Another thing worth mentioning here is that it’s actually been proved time and time again that bringing a lot of media attention to senseless tragedies like shootings heavily influences future shooters. Adding that factor into this situation definitely makes me more frustrated with the news stations that approached the girl, because instead of taking into consideration the part they play in preventing future shootings, they’re desperate to get a hot lead on the one happening currently.

The situation in general frustrates me, because obviously the shooting was completely senseless with nothing good coming from it. It’s hard to sugar-coat any way of approaching witnesses when it’s about this type of incident, but it’s these situations that remind why so many people are resentful of the media and the manner in which they cover the news.

Trump re-enters war with Fox News


It is no secret that Donald Trump has been extremely vocal when it comes to his experiences with the news media during his campaign for office these past few months. He has notoriously bashed not only individual reporters, but entire news networks themselves, and much of this has been documented through his Twitter posts and live interviews. His controversial presence on social media and verbal attacks on individual journalists as well as entire news networks has become a defining factor of his campaign – let’s review.

One of the most substantial of these feuds occurred in early August, after Trump stepped out onto the Fox News debate stage and was questioned by reporter Megyn Kelly about his sexist remarks in the past. Trump responded the next day through a twitter tantrum attacking Kelly, as well as a few other Fox News personalities. He also addressed the debacle in an interview with CNN, saying, “You could see there was blood coming out of her eyes, blood coming out of her … wherever.” Soon after the remark, he was disinvited to a Red State event by Erick Erickson, a Fox News contributor. It had appeared that Trump had started a war with one of the most influential networks, especially for Republicans.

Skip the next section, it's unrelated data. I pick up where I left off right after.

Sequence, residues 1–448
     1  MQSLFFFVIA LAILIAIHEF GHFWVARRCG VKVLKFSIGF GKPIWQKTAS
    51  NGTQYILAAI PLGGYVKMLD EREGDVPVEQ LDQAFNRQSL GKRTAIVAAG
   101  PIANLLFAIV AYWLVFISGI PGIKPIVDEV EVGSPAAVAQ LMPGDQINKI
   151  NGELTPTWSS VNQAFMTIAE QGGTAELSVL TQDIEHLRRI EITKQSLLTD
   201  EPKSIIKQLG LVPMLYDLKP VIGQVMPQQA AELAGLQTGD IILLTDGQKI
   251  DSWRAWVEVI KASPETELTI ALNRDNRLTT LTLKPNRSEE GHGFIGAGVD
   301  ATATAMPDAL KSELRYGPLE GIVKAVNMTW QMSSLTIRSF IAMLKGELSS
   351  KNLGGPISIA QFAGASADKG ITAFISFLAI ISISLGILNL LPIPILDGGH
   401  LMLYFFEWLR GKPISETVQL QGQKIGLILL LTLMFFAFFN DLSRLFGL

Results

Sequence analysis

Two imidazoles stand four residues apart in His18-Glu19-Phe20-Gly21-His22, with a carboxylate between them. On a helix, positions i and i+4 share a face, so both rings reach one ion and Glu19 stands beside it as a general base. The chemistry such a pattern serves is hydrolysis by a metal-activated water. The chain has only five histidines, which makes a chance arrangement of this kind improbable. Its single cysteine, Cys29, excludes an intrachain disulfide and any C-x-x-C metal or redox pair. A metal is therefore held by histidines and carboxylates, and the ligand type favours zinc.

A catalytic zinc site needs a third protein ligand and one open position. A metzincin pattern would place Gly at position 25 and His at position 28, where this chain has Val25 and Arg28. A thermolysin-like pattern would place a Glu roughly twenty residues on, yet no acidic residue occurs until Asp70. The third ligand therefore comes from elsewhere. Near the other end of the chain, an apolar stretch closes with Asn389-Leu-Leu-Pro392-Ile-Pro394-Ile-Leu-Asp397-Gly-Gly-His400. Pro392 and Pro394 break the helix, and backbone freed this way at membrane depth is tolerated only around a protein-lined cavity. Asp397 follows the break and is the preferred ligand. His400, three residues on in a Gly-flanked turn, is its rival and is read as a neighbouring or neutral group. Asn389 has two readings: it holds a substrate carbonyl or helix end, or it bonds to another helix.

Trump eventually mended his relationship with Fox News after clearing the air with Fox News CEO, Roger Ailes. But as of this past Wednesday, it appears that the “war” between Trump and Fox News is back on.

On Megyn Kelly’s Fox News talk show, conservative columnist Rich Lowry asserted that Carly Fiorina had castrated Trump during the CNN debate last week. Lowry referred to Trump’s private parts, saying that Fiorina had the “precision of a surgeon”.

Obviously, the statement created a lot of shock, prompting Trump to tweet that Lowry was “incompetent” and that “he should not be allowed on TV and the FCC should fine him.” The conflict continued to heat up, leading to Trump’s declaration via Twitter that he would be boycotting Fox News because the network has treated him “very unfairly”.

Fox News addressed Trump’s boycott in its statement about the cancellation of his scheduled appearance on “The O’Reilly Factor”, but declined to specify what had canceled the appearance. However, according to CNN, an unidentified Fox News spokesperson said about the issue: “When coverage doesn’t go his way, he engages in personal attacks on our anchors and hosts, which has grown stale and tiresome. He doesn’t seem to grasp that candidates telling journalists what to ask is not how the media works in this country.”

Now, we’re all waiting to see how long Trump’s latest war with the news media will last. A boycott with Fox News means that he will miss out on access to the millions of viewers who are tuning into the network each night for coverage of the 2016 race. And what will the repercussions be? As of Thursday afternoon, Trump is already down 8 points in the latest CNN/ORC national poll. Only time will show how his campaign will continue to be affected by the turmoil with Fox.